“There’s no advantage from operational cost cutting in this industry. Fees are fixed. You win through new customer acquisition.” This mantra was true in the early 1990s, when the COO was a college intern at a lean manufacturing plant. But now, investors want lower fees, and cost reduction is critical. Success requires continuous improvement to increase productivity and deliver ever-lower operating costs. The COO wanted to implement the lean management and process standardization she saw in her manufacturing internship. She would turn investment management operations into a knowledge work factory. Her internal operations consulting team struggled to visualize the avoidable 7 wastes targeted by lean management. But she noticed them, especially defects, waiting time and over-processing.
Non-technology, self-funding operational
– No new technology
– End-to-end process improvement
– 6-month implementation
The COO saw how The Lab’s lean, non-technology improvement templates and implementation methodology could quickly implement lean, standard work routines from account onboarding through termination. A call center performance improvement transformation began to increase customer service scores within weeks. Productivity metrics quantified the operational gains. Capacity planning improvements helped convert these gains into operating cost reductions of 30 percent.
The firm is among the world’s Top 5 investment management companies based on assets under management. More than 40,000 employees serve customers worldwide.
Implementation began with a 7-week Phase I analysis. The Lab’s process improvement templates delivered a self-funding, Phase II implementation work plan. Implementation was complete within 6 months.
– Cost reduction
– Lean management routines
– Service level improvement
– New business implementation
– Enrollment, group transfers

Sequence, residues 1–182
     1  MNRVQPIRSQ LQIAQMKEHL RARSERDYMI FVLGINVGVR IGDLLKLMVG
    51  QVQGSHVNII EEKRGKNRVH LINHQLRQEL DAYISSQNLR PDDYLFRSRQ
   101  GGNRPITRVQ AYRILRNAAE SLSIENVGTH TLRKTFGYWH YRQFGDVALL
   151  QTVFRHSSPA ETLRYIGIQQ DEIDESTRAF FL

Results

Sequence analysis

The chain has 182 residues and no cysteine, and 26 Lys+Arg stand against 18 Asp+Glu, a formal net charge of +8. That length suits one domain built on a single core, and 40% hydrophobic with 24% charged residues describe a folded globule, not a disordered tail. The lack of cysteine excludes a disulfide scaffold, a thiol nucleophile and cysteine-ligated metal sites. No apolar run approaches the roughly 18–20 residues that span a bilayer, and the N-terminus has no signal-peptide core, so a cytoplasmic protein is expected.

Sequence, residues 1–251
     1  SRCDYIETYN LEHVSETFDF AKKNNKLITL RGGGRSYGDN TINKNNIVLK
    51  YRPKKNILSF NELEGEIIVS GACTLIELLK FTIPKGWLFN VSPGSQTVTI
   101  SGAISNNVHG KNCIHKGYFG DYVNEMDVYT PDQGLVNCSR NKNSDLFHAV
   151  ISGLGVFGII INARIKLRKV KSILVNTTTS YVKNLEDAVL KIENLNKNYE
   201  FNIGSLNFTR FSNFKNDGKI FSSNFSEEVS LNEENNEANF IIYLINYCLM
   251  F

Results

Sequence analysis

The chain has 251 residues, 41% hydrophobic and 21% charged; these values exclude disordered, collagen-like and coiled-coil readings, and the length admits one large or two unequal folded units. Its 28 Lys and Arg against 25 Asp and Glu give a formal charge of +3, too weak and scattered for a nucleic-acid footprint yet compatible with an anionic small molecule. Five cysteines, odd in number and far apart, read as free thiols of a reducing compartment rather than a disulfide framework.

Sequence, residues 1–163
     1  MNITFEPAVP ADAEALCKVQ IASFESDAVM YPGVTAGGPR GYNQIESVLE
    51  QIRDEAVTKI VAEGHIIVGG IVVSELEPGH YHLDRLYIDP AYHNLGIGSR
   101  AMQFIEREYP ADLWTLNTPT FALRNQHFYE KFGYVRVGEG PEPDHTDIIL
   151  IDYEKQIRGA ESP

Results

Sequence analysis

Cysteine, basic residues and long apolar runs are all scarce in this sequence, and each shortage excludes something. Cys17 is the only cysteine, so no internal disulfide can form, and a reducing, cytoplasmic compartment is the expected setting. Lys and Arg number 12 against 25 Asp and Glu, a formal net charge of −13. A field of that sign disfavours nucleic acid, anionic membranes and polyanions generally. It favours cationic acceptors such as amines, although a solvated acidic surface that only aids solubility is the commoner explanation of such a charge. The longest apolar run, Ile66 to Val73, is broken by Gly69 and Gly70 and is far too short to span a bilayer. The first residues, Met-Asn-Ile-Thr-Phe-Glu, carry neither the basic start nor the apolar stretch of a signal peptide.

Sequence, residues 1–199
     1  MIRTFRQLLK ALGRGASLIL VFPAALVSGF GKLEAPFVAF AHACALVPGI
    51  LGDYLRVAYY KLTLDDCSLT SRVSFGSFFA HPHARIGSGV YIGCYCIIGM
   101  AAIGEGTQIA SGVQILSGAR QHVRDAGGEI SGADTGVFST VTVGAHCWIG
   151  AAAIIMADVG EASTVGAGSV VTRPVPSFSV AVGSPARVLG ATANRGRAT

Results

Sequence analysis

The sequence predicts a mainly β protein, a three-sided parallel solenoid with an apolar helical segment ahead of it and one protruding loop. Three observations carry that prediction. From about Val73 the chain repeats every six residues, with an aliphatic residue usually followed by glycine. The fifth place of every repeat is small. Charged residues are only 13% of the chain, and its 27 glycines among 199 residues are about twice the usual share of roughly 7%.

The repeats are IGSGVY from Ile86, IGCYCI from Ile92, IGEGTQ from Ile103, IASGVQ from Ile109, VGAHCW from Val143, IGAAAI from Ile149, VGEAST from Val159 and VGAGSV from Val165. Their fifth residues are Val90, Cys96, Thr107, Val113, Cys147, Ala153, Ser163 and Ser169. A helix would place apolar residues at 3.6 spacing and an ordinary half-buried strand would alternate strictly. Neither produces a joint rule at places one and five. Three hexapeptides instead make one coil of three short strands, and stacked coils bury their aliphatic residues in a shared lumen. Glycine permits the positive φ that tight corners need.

– Contributions, distributions
– Corporate plans
– Non-qualified plans
The Lab implemented more than 350 non-technology, lean process improvements. Examples:
Lean Standardized Plan Onboarding — Employees perceived that, because each institutional plan was “unique,” the related onboarding operations were immune to process standardization. The Lab’s activity cube used twenty universal activities to enable process reengineering based on six core processes, with modular options to accommodate plan differences. Cycle time and related labor were reduced by half.
Improved Inbound Data Quality — Nearly half of all information from field sales and external clients was incomplete or incorrect. Correcting these data defects required costly follow-up and increased cycle time. Process reengineering reprioritized and reassigned data collection activities. Root cause analysis eliminated one-third of the errors at the source. Lean, standard work routines cut remediation times by over half.
Preempted Recurrent Customer Queries — Despite user testing, customers consistently misunderstood certain products and instructions. This confusion created predictable, repetitive and avoidable inquiries. The Lab targeted five “root causes” that generated 60 percent of customers’ questions. Over half were eliminated with preemptive clarifications. Process standardization cut response time for the remainder by two-thirds.